Roseville begins tax foreclosure on The Falls Event Center
It’s been nine months since Roseville city and business leaders gathered for the ribbon cutting of The Falls Event Center at 240 Conference Center Drive, and a bleak future is already unfolding for the company.
Roseville City Council is scheduled to vote tonight as part of its consent calendar to foreclose on $9,330.66 in Mello Roos fees, or special property taxes in a Community Facilities District, which have been delinquent since April 10 for the property. The center also became delinquent Dec. 12 on $26,105.60 in property taxes, according to Placer County tax records and a county spokesman.
Roseville spokeswoman Megan MacPherson said Monday the city isn’t currently in discussion with The Falls Event Center.
Dennis Kauffman, the city’s director of finance, declined to elaborate but confirmed the city could take ownership of the center — which has an assessed value of $4.3 million and has earned rave Yelp reviews — if the owner doesn’t pay the delinquent Mello Roos.
“That could be the end result, but the hope is that they’ll pay,” said Kauffman, noting that the city has retained a Sacramento-based legal firm to assist in the process.
The Falls Event Center LLC, a company based near Salt Lake City that operates a string of high-end events centers around the country, has deeper problems elsewhere than Roseville, such as owing approximately $130,000 in late taxes for centers in Sacramento and Fresno counties, according to tax officials there.
The company has also been under investigation by the U.S. Securities and Exchange Commission, according to SEC documents obtained by The Press Tribune.
Company founder Steve Down spoke briefly Tuesday with The Press Tribune, saying he was unaware of tax irregularities at his Roseville center. After being asked if he could be recorded, Down declined further questions, saying, “You can write whatever you want to write.”
Down had been all smiles at his Roseville ribbon-cutting on March 1, discussing how he wanted to build a hotel near his new center to benefit the homeless.
“My legacy is what I call ‘cause capitalism,’” Down said at the time, noting he’d developed his philosophy after facing personal adversity.
Down didn’t elaborate on this adversity.
As reported by The Oregonian in July 2016, the SEC accused Down in 1996 of operating a pyramid scheme through a different company he owned at the time. Though a judge ruled that evidence was insufficient to prove the allegation, Down agreed to a two-year ban from some securities-related activities.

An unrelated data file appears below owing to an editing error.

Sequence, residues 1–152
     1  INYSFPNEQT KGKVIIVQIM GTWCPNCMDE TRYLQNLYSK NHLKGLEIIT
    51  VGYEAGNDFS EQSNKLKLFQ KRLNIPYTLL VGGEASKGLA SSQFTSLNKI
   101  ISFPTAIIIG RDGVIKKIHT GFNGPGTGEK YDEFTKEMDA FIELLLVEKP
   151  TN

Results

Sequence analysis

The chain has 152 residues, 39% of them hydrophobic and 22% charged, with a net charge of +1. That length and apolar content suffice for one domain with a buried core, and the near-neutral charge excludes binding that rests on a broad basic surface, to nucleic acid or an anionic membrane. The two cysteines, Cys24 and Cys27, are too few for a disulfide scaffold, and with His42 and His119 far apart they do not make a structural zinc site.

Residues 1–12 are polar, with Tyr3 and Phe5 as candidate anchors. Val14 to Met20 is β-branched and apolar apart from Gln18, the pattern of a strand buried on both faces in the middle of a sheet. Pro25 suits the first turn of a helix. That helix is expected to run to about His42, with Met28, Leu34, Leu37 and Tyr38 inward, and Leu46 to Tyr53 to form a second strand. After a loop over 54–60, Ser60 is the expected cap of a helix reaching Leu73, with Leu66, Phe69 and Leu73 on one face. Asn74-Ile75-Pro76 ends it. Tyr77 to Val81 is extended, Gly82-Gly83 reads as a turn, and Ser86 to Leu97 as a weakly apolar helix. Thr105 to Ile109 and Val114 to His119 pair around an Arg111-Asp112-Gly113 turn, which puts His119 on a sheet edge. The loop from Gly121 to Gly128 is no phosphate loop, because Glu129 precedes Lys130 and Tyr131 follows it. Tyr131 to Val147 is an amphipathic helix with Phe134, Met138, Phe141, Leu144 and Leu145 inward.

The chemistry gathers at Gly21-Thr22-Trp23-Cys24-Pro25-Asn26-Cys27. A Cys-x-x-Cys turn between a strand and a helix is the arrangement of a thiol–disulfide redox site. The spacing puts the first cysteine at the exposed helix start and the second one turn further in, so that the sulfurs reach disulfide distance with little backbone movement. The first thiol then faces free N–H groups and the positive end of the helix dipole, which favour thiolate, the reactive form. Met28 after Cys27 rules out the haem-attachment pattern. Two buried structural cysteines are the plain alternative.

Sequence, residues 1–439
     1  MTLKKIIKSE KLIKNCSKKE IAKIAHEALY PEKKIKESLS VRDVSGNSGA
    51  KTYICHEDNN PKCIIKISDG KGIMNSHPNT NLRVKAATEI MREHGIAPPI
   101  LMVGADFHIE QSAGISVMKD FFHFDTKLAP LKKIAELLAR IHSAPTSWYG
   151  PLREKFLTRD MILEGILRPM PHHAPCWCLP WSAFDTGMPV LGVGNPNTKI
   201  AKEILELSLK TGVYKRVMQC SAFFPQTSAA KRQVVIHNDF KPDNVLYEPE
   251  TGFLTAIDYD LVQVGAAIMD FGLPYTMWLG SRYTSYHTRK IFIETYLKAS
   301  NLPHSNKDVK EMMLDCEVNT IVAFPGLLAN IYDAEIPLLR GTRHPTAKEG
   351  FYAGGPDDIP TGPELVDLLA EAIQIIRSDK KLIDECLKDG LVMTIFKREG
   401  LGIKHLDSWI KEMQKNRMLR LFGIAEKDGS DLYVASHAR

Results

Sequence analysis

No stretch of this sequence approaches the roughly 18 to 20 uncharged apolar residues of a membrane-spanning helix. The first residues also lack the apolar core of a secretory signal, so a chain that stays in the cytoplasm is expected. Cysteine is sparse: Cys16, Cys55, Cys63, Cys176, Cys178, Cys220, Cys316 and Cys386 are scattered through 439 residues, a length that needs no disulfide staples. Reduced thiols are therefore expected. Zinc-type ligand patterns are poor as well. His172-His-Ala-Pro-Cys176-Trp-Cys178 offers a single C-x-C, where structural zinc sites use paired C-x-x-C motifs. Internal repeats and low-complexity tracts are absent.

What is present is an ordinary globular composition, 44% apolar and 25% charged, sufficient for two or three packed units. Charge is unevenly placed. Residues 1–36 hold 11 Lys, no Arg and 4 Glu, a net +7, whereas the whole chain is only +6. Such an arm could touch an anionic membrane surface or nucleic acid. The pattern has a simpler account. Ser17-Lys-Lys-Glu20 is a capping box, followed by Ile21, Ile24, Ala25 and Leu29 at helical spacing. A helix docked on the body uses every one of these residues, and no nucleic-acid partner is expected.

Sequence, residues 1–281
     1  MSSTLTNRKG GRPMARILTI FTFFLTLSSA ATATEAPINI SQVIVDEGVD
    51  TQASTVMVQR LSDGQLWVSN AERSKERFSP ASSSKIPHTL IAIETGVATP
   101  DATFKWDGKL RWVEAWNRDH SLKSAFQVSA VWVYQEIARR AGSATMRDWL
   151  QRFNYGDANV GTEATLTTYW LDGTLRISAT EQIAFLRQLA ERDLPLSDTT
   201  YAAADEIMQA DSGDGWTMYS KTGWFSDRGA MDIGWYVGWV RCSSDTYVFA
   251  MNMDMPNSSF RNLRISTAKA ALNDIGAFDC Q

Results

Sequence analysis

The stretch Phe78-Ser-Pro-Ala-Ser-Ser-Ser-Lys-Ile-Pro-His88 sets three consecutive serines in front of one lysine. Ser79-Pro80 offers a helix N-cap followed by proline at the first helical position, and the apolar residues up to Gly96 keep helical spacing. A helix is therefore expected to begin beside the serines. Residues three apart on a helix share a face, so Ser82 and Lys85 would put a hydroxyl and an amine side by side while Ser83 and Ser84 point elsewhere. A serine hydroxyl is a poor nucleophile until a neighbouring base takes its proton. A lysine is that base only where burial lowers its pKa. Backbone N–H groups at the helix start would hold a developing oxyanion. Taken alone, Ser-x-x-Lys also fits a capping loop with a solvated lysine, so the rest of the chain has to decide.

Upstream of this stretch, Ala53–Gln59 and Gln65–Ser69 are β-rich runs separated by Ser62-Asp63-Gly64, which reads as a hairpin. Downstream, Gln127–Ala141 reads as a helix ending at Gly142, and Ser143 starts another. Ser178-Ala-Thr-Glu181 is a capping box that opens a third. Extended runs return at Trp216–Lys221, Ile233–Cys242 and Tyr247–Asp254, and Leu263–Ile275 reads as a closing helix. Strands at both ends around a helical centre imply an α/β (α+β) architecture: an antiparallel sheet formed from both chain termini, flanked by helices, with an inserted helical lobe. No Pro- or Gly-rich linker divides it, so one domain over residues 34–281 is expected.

"If you want to find something negative, it's the one and only negative thing that I'm aware of on the internet," Down told The Oregonian in 2016.
The Oregonian has since reported that the SEC subpoenaed Down and several of his companies in late 2016. An SEC order from October 2016 indicates that The Falls Event Center and related companies were being investigated for possible sale of unlicensed securities and using false or misleading information to make sales.
One investor, Mark Allen of Foster City, said he’d invested over $100,000 five years ago with The Falls Event Center due to Down’s appeals. Allen said he has seen no return on investment but eventually hopes to make five times what he put in.
“I’m still optimistic,” Allen said.
Down confirmed for The Oregonian earlier this year that the SEC had notified The Falls Event Center in June about evidence of wrongdoing and could launch enforcement action, though he denied the allegations.
An SEC spokesperson declined Tuesday to confirm or deny investigations, which is standard for the agency. The SEC catalogues enforcement actions for 2017 on its website, though nothing was listed for Down or The Falls Event Center.
A former high-ranking company official, who declined to named, was skeptical that the company would be able to operate much longer, given its legal and financial problems.
“I can’t understand for the life of me why the SEC hasn’t taken action yet,” the former high-ranking company official said.
The former official dismissed Down’s talk of building a homeless hotel.
“They don’t have the money to pay a $500 landscaping bill in Roseville, let alone a hotel,” the former official said.
The former official said the Roseville center has been one of The Falls Event Center’s most profitable venues and that it has events booked for the next 12 to 18 months.
“The concern of course is that if something happens with the business, they won’t be able to fill those,” the former official said.